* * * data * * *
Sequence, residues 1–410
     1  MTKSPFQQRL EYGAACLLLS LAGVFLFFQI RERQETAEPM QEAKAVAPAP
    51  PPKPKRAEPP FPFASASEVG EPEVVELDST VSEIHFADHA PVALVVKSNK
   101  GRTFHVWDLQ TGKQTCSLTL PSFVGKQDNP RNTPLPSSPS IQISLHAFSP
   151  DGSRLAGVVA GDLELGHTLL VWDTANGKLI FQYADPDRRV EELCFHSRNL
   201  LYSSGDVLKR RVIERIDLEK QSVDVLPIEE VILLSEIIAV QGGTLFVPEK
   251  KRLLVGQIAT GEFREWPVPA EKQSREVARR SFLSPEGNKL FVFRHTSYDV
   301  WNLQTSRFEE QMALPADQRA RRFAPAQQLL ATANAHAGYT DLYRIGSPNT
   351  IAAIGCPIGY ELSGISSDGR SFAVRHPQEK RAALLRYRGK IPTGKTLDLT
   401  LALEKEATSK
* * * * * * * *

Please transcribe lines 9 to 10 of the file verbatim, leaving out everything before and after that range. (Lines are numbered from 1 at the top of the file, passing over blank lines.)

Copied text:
   351  IAAIGCPIGY ELSGISSDGR SFAVRHPQEK RAALLRYRGK IPTGKTLDLT
   401  LALEKEATSK